Yesterday’s Investor’s Business Daily featured an article by Benjamin Zycher – senior fellow at the Manhattan Institute for Policy Research – challenging the mantra repeated by socialized medicine cheerleaders that a "single-payer system" (i.e. the gov’t) will reduce those pesky administrative costs currently being paid by private insurance companies.The argument is based on these findings (not surprisingly from a government report): "the net (administrative) cost of private health insurance plans is about 11% to 14% of total premiums paid, while direct administrative costs reported in the Medicare budget are about 3% of Medicare outlays."
Closer scrutiny, as one might suspect, contrasts these figures:
"Medicare receives (administrative) services not shown in its budget from other parts of the federal government."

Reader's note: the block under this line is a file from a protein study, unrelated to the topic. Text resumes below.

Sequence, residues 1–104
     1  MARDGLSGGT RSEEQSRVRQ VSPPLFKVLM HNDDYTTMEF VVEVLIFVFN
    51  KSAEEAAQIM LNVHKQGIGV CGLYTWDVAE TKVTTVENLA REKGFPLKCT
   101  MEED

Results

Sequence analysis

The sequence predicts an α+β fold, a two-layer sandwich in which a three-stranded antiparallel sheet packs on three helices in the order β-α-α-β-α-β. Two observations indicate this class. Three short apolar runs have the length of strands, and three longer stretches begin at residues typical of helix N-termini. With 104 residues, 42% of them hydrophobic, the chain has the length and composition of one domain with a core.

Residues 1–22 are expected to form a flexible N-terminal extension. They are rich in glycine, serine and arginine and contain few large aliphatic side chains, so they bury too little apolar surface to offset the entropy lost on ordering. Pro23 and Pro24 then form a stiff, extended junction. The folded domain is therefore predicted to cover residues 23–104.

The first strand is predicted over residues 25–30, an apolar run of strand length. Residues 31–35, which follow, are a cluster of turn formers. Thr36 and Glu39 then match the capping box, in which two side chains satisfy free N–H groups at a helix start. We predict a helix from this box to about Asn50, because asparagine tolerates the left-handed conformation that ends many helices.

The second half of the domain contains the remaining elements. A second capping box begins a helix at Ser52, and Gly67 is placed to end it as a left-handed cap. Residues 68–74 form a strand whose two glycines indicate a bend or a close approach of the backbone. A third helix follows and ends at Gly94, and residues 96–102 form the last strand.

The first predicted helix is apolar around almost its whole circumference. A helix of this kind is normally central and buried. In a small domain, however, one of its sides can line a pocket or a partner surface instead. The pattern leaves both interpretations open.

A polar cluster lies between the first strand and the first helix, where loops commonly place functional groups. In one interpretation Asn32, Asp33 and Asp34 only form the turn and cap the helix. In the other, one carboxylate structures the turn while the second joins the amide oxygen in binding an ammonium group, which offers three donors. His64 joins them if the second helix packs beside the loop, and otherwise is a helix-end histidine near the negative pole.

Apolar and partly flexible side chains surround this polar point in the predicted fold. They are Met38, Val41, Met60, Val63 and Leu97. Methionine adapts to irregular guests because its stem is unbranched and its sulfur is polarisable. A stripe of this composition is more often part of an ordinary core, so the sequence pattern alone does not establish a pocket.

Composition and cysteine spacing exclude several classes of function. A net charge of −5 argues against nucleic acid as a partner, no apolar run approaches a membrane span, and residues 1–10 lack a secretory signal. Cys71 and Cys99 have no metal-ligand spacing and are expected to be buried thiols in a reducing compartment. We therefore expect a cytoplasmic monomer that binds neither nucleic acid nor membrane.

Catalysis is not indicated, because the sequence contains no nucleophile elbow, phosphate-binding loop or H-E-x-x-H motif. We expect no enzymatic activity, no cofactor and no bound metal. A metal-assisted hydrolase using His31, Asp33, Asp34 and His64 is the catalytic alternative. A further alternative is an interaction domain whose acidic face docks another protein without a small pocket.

Hmmm, interesting. So the government report distorts the administrative costs of a government program. Then there’s this finding:
"Based upon the academic literature, a barely plausible lowest estimate … raises the true (administrative) cost of delivering Medicare benefits to about 24% to 25% of (tax-financed) Medicare outlays, about double the net cost of private health insurance."
Nevermind the fact that private insurance company administrative costs are inflated in no small part due to heavy government regulation. Zycher continues:
"The purported single-payer "savings" in administrative costs are illusory, and cannot be separated from the larger adverse effects inevitable in a system in which government policy is driven by interest groups rather than patients."
Zycher delivers this much-needed dose of reality to those clinging to an idealogical faith based on unlimited resources:
"In a world in which resources are limited always and everywhere, single-payer "coverage" cannot guarantee health care, and "universal coverage" is a mirage."